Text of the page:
But what about the influence of Uranus, the closest of the outer planets? Well, Uranus happened to be in Pisces for most of the 1920s. Uranus is revolutionary by nature, and I believe its flowing trine aspect to the sign Cancer, where Pluto was transiting throughout that decade, further helped women's rights; fittingly, women in the U.S. were finally given the right to vote in 1920. Uranus in Pisces also translated into new technologies (Uranus) such as radio to disseminate such Piscean phenomena as music and the first soap operas (soppy, never-ending stories literally sponsored by soap manufacturers). Silent film (a perfect representation of Pisces, since this water sign rules film and the water element is not verbal) peaked; not so coincidentally, the first "talkie," The Jazz Singer, was released in 1927--the year Uranus entered loud Aries. The square between Uranus and Pluto was not exact until the early 1930s, which signified the Great Depression as well as a "New Deal" in the U.S. and the rise of Fascism in Germany; that is really a whole other blog post. But during the late '20s, this fiery placement of Uranus ensured that youth would still flame...yet like its unofficial poet laureate, Edna St. Vincent Millay, it was burning its collective candle at both ends, and finally burned out altogether (another Aries trait) in the wake of the Crash (a Uranus action) of 1929.

Uranus has an 84-year cycle, spending 7 years transiting each sign of the zodiac, and reentered Pisces in 2003/4. Right now Uranus is at 26 degrees of Pisces; the last time it was in this degree was 1925. Neptune is now in Aquarius, and Pluto is in Capricorn--both, in other words, directly opposite from the signs of the outermost planets during the 1920s. So I can say without entirely joking that the 2000s have been the 1920s turned upside down. Alcohol is now legal, yet so many other prohibitions or severe restrictions are in effect it is easy to forget that they were no big deal in the U.S. back then (e.g., marijuana was legal until 1937) or even very recently (e.g., security measures). Indeed, I was irritated yet unsurprised that I was not allowed to carry my St-Germaine cocktail (an enticing mix of champagne and St-Germaine liquor, made in France from elderflowers, served on the rocks with a twist) I'd purchased back to my picnic blanket--drinking was restricted to the area where cocktails were sold. And of course, everyone had to flash their ID before they were allowed anywhere near the makeshift bar.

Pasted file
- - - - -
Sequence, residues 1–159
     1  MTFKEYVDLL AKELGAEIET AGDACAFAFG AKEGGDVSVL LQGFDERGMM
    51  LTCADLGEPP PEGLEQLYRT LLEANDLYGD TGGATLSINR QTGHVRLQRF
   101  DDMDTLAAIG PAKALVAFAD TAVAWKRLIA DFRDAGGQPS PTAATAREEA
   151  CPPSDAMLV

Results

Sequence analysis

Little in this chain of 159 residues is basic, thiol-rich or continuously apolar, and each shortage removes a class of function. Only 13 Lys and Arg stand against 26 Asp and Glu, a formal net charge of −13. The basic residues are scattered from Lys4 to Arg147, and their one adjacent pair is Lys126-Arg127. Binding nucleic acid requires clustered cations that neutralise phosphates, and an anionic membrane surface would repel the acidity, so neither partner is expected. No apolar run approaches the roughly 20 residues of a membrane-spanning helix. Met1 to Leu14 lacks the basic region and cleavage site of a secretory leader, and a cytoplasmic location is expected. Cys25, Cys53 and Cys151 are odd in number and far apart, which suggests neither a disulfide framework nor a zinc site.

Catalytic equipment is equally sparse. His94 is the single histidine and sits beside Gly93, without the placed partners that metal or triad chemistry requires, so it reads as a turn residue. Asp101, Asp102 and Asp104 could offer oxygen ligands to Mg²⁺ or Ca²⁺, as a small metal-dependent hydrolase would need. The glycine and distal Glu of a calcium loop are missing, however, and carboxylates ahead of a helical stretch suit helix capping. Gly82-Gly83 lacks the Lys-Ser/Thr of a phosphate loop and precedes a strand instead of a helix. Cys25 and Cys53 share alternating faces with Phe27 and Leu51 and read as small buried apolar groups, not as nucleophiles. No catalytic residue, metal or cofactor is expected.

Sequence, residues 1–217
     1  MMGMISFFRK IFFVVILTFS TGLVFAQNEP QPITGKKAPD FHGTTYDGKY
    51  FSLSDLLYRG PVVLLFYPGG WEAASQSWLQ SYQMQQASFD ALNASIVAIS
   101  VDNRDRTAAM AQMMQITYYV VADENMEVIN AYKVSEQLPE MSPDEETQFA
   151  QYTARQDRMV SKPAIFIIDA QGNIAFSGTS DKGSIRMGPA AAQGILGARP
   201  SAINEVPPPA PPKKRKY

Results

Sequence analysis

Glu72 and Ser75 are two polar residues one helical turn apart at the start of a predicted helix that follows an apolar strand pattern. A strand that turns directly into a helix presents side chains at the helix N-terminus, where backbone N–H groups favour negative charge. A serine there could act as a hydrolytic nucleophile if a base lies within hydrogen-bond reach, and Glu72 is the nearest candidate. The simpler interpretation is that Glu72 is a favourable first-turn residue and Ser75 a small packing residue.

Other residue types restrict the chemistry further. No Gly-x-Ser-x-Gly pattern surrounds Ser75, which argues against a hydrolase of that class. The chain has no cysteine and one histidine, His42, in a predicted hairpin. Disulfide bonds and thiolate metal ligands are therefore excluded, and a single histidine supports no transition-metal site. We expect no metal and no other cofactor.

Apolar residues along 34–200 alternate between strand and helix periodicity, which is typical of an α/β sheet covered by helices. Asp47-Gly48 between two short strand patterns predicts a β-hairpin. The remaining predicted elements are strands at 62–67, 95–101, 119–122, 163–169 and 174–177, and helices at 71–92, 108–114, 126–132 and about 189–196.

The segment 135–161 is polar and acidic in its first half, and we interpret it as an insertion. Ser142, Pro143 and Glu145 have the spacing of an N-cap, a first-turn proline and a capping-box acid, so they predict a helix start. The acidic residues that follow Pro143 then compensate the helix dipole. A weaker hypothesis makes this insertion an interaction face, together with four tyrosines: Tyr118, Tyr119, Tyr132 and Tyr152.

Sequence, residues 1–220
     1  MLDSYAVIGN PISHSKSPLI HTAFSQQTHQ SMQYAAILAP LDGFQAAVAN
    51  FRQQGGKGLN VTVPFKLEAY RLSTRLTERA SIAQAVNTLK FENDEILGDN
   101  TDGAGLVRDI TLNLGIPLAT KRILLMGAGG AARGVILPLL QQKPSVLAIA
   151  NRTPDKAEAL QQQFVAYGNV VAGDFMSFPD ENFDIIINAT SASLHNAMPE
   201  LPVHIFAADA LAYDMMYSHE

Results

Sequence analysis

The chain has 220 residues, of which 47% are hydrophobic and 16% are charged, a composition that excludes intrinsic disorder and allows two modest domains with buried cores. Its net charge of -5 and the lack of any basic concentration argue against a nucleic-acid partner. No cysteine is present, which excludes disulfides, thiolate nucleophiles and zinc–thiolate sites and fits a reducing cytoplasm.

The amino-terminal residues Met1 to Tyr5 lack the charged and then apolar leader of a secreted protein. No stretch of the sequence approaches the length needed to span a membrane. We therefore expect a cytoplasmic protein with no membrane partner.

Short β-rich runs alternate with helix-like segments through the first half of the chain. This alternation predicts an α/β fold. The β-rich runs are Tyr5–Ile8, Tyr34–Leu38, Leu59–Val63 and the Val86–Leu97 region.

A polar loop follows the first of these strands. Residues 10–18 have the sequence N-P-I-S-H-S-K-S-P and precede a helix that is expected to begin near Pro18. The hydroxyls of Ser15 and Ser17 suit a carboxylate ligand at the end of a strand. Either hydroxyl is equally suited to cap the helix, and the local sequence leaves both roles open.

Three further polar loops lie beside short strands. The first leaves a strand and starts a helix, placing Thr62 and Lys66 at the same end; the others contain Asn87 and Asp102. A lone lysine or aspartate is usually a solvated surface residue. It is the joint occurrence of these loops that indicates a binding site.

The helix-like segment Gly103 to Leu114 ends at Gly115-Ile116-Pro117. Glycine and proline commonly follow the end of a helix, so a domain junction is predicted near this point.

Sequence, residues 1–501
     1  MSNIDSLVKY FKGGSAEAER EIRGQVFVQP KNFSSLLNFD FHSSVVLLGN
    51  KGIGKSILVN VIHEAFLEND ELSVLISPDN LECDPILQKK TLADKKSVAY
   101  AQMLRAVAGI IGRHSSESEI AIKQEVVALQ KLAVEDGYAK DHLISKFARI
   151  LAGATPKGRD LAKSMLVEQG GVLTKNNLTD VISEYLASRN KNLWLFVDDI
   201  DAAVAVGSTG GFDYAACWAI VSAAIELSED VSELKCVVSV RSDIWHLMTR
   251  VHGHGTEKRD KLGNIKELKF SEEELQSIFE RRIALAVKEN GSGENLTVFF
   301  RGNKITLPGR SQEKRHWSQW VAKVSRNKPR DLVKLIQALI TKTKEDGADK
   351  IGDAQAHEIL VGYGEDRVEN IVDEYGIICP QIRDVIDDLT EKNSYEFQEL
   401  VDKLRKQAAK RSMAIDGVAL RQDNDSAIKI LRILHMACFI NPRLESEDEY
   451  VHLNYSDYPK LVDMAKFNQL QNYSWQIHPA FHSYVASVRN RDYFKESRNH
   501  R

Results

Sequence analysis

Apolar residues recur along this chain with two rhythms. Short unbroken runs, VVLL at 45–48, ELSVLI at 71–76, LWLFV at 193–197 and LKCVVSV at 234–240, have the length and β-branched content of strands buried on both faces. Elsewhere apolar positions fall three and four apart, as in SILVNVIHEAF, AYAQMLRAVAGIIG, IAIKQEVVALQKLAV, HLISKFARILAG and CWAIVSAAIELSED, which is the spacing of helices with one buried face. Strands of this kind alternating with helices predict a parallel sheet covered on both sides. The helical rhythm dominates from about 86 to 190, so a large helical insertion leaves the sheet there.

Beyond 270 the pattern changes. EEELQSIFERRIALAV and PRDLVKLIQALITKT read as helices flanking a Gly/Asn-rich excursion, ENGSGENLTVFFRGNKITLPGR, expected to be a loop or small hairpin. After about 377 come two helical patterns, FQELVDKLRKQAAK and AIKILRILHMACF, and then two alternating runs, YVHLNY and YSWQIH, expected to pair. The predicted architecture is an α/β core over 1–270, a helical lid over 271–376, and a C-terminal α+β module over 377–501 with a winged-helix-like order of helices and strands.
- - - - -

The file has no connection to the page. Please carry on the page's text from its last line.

With Uranus once again transiting Pisces, nostalgia for the 1920s has gained momentum over the past five years--at least in New York City, the capital of the original decade-long party. Such regular or semi-regular '20ish events as "Shanghai Mermaid" and "Dances of Vice" are popular; BAM has recently been showing silent films with live music, the way it was done when these films were new. Retro cocktails, albeit legal for those of drinking age, are now more fashionable than Cosmos and Appletinis. As today proved, interest in the decade that roared is strong enough to draw hundreds of people--many of whom dressed in vintage apparel for the occasion--to a Jazz Age Lawn Party. I myself had such a swell time hanging with friends and hepcat strangers on a sun-drenched lawn that I didn't want the day ever to end. For many reasons, I was definitely not in the mood to take a 10-minute ferry ride back to the present.

"In the meantime, in between times, ain't we got fun?"